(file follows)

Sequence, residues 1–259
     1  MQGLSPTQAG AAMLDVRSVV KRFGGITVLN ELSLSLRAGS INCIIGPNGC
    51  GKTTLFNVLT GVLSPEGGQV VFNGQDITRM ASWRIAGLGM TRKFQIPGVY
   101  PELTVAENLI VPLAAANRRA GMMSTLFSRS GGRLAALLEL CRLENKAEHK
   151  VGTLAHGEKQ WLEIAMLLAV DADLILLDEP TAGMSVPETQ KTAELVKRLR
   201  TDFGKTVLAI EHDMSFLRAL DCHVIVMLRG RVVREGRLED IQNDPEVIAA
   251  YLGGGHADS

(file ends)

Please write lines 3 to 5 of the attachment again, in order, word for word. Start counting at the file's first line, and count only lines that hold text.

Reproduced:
    51  GKTTLFNVLT GVLSPEGGQV VFNGQDITRM ASWRIAGLGM TRKFQIPGVY
   101  PELTVAENLI VPLAAANRRA GMMSTLFSRS GGRLAALLEL CRLENKAEHK
   151  VGTLAHGEKQ WLEIAMLLAV DADLILLDEP TAGMSVPETQ KTAELVKRLR